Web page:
White House Says Still Fact-Finding Reported Chemical Weapons Use, and Weighing Military Options

According to an August 24, 2013, Washington Post article entitled, “White House Says Still Fact-Finding Reported Chemical Weapons Use, US Forces Toward Syria,” US President Barack Obama received a detailed review of requested options for the US and its international partners to use against Syrian President Bashar Al-Assad’s regime, if the fact-finding process concludes it engaged in deadly chemical warfare.  The White House was quoted as stating Obama discussed the situation in Syria with British Prime Minister David Cameron.  It was said to be Obama’s first known conversation with a foreign leader about Syria since the report that hundreds of Syrians had been killed by an alleged chemical attack in a Damascus suburb.  The Assad’s regime denies the claims.  It has warned the US against taking military action, stating such a step would “set the Middle East ablaze.”

The August 24th, Washington Post article also reported that US Secretary of Defense Chuck Hagel stated that the Obama had asked the Pentagon to prepare military options for Syria but declined to discuss specific force movements.  However, certain Defense Department officials, speaking under the condition of anonymity because they were not authorized to discuss ship movements publicly revealed that the US Navy had sent a fourth warship armed with ballistic missiles in the Mediterranean Sea, but without immediate orders for any missile launch against Syria.  As the Washington Post article explained, the Navy warships in the Mediterranean were capable of a variety of military actions, to include launching Tomahawk cruise missiles as they did against Libya in 2011.  Hagel was also quoted as saying, “The Defense Department has a responsibility to provide the president with options for contingencies and that requires positioning our forces, positioning our assets, to be able to carry out different options—whatever options the president might choose.”

While the chemical attack issue is urgent, and military action of some type is most likely, Obama’s national security team’s meeting on August 24th was perhaps similar to many others in which they discussed contingencies for Syria..  Options for intervention in Syria have been continuously considered at the highest-levels of the Pentagon since the civil war there began, and at times they have been outlined publicly.  Most recently, in a letter to Democratic Congressman Eliot Engel of New York, the Chairman of the Joint Chiefs of Staff, General Martin Dempsey, presented a concept and intent behind possible military action in Syria and its likely sequalae.  A month prior, in a letter to the Senate Armed Services Committee, Dempsey discussed the matter in greater detail, presenting options and their likely costs.  On the one hand, since Obama set a red-line on the use of chemical weapons in Syria and Assad’s regime has decided to cross it apparently more than once, US credibility is at stake.  Any military effort should have a sound educational impact on Assad and promote US credibility globally.  However, any military strikes against Syria should in some way promote US policy goals of supporting the opposition and prompting President Assad’s departure.  Perhaps military action at this juncture should not be limited attacks against the Assad’s regime.  Conceivably, it could include a covert effort in support of mainstream elements against extremist, yet effective, Islamic militant groups fighting in Syria that are adverse to Syria’s transition to a democratic government.  Such an effort just might allow the US and its allies to stop treading water, shape events in Syria, and get their efforts moving forward.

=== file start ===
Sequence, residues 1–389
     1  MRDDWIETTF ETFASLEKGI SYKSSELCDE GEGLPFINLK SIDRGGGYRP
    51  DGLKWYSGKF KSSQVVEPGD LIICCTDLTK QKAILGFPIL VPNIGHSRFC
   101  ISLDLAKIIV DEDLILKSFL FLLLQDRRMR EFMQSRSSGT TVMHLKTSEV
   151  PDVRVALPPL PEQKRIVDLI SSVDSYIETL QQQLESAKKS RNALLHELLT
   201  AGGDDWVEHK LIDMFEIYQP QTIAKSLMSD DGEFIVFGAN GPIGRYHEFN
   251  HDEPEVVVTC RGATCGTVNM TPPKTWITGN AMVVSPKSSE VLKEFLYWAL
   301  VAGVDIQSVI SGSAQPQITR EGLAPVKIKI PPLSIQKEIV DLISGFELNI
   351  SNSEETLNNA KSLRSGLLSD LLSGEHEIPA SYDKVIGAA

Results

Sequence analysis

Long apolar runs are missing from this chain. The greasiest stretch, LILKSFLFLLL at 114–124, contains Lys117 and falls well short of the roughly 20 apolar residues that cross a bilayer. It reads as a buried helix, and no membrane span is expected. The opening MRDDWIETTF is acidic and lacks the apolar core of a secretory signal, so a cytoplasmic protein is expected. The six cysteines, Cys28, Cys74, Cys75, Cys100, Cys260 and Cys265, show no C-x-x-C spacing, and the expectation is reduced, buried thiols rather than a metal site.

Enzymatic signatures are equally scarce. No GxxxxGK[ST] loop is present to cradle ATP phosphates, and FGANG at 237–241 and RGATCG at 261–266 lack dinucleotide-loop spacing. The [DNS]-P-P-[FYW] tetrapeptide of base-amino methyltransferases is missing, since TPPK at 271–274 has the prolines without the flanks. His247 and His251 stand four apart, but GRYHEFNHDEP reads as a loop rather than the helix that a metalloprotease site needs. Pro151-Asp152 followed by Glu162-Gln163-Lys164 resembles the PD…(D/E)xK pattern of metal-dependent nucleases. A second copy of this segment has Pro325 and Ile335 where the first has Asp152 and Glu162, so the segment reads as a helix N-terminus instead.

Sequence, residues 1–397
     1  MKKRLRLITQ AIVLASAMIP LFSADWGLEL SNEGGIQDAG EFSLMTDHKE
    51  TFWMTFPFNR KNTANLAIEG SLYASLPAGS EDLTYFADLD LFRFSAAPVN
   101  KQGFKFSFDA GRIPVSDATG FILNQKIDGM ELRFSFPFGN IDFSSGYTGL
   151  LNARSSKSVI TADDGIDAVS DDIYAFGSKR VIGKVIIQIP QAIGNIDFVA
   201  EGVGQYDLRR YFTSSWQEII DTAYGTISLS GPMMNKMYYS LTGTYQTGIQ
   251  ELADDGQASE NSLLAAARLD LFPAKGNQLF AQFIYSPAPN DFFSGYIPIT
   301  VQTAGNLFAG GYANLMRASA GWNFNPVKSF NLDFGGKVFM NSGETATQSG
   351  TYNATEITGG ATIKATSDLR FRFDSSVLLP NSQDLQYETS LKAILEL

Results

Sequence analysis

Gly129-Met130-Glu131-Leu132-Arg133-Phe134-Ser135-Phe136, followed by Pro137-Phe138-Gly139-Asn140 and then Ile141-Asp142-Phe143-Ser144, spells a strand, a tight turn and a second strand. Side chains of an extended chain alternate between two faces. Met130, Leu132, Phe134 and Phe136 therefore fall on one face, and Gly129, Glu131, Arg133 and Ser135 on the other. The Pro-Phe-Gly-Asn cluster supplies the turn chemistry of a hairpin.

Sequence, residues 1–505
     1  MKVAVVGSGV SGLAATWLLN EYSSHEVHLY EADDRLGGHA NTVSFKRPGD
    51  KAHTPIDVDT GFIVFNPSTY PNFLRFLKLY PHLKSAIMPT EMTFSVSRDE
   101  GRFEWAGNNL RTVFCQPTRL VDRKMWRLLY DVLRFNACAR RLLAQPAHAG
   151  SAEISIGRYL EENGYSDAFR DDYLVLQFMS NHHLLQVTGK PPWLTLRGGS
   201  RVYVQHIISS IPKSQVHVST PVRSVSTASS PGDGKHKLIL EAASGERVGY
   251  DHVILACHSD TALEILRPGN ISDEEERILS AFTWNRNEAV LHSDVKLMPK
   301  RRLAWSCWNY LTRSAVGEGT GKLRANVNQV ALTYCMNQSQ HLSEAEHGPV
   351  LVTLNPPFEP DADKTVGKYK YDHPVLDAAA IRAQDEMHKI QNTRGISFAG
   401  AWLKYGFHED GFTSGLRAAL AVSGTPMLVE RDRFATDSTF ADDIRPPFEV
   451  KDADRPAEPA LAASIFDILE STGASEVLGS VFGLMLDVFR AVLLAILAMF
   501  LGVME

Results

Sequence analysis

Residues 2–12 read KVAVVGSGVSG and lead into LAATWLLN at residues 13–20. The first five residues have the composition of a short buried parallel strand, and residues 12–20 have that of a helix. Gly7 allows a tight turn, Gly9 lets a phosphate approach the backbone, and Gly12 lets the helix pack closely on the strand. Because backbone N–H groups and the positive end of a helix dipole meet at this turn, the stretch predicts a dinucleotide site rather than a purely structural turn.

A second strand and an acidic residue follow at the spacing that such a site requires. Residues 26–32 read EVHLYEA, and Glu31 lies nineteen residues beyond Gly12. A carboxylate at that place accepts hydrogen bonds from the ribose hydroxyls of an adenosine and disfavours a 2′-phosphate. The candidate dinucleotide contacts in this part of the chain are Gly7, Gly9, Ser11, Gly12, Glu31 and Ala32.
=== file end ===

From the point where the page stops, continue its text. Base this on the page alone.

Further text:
Military Options Presented By the Pentagon

Dempsey’s letter to Congressman Eliot Engel, dated August 19, 2013, has been used by policy experts such as Richard Haass, president of the Council on Foreign Relations, to glean insight into the Obama Administration’s thinking on military action in Syria.  The letter was written in response to a correspondence from the Congressman regarding the resources required and the risk of applying US military force against the Assad regime.  Dempsey explained “there were certainly actions short of tipping the balance of the conflict” in favor of the opposition that could “impose a cost on Assad’s regime for unacceptable behavior.”  Yet, he made it clear that using military force to change the balance “cannot resolve the underlying and historic ethnic, religious, and tribal issues that are fueling the conflict.”  Dempsey expressed that the crisis in Syria was “tragic and complex.  He called it a deeply rooted, long-term conflict among multiple factions and violent struggles for power will continue after Assad’s role ends.”  To that extent, Dempsey noted, “The effectiveness of limited military options must be evaluated in this context.”